Numbers are my latest fascination.
Not math numbers — which were out to get me from day one and ran me straight into the arms of grammar and literature — but enneagram numbers.
The enneagram is a personality typing system that assigns individuals one of nine numbers based on their characteristics, including behavior and motivations. The modern enneagram, which has roots in several ancient traditions, dates to the 1960s, but it has recently made a resurgence.
There are a variety of free online tests that will help you determine your enneagram number; just Google it. However, I could have simply read descriptions of the nine types — and stopped after the first — to figure out I’m Type 1.
"The Reformer. The rational, idealistic type: principled, purposeful, self-controlled, perfectionistic."
At their best, Type 1s "wish to be rational, reasonable, self-disciplined, mature, moderate in all things. … Extremely principled, (they) always want to be fair, objective and ethical: Truth and justice (are) primary values."
Some notable Type 1s were Confucius, Joan of Arc, Mahatma Gandhi and Nelson Mandela.
Sounds great, right? Just wait.
Type 1s also include Osama bin Laden, Dr. Jack Kevorkian and Saturday Night Live’s "The Church Lady."
Well, isn’t that SPEC-ial?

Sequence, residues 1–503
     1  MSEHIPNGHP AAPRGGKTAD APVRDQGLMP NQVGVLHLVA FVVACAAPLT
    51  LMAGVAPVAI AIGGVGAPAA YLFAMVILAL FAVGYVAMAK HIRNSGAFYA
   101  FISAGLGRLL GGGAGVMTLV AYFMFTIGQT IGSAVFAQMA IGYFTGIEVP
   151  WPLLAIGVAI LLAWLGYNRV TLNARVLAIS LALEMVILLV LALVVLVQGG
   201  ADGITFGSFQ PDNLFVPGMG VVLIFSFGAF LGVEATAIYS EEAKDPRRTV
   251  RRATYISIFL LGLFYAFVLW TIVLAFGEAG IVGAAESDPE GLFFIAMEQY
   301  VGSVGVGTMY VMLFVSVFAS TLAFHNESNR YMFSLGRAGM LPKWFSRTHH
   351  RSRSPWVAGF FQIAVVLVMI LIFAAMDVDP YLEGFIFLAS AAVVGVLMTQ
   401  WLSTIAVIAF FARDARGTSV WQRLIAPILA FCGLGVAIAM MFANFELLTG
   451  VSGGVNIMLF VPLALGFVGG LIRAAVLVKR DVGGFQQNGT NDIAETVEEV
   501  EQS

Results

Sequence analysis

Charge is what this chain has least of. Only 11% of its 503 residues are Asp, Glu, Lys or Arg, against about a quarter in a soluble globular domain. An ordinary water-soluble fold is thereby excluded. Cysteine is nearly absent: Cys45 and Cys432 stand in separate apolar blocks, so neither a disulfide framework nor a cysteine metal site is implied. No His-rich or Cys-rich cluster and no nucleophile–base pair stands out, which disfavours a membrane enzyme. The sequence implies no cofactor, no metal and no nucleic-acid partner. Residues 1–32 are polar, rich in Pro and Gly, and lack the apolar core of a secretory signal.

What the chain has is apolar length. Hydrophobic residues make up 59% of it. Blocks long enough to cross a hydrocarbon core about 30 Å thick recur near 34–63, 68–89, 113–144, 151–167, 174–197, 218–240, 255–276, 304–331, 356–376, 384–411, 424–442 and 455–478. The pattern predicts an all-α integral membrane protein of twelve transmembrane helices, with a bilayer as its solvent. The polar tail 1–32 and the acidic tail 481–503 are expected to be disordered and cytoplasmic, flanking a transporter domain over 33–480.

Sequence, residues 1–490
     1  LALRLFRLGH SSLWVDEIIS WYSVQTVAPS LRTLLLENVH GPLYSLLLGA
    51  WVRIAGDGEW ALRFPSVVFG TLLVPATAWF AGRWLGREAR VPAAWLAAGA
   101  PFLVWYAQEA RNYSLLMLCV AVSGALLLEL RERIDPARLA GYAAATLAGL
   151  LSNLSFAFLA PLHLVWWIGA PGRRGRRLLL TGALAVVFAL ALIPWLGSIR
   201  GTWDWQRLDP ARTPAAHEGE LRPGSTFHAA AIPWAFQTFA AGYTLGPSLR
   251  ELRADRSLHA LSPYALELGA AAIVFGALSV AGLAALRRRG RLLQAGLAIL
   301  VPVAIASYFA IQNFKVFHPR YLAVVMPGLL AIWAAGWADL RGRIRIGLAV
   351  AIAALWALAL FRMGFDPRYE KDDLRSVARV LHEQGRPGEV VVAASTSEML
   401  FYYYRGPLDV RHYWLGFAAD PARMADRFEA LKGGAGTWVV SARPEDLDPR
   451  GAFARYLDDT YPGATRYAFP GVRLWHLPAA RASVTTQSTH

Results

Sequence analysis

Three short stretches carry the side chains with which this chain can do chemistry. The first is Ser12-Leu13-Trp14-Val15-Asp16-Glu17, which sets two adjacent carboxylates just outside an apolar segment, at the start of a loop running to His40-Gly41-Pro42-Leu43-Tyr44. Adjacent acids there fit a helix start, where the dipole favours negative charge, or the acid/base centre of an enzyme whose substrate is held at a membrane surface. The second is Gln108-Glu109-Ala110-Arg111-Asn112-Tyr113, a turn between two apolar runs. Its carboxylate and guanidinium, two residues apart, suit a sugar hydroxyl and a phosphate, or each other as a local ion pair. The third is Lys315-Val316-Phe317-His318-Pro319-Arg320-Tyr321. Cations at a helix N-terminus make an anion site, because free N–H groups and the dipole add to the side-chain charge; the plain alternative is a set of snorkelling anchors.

Skewing toward unhealthy levels, 1s can be "highly critical both of self and others: picky, judgmental, perfectionistic. Very opinionated about everything: correcting people and badgering them to ‘do the right thing’ — as they see it. Impatient, never satisfied with anything unless it is done according to their prescriptions. Moralizing, scolding, abrasive and indignantly angry."
Now, wait a minute. I would never …
Oh, I see what they did there.
What I like most about the enneagram is that it doesn’t just label you and leave you to figure out the rest. It identifies your type’s healthy and unhealthy behaviors and makes recommendations for personal growth. One of mine says, "Learn to relax. Take some time for yourself, without feeling that everything is up to you or that what you do not accomplish will result in chaos and disaster."
This time of year, I should post that advice on every surface of my home and tattoo it on my body.
If I’m not careful, this Type 1 taskmaster will sprint from one shopping trip and activity to another, all in the name of creating a "memorable Christmas season" for my family. (I might know from experience.)
But in my mad dash and holi-daze, I will have missed the point: slowing down and being fully present with the ones I love.
Sometimes it takes an online test to remind you to pass the test that really matters.
Enneagram, you’ve got my number.
Merry Christmas and happy holidays.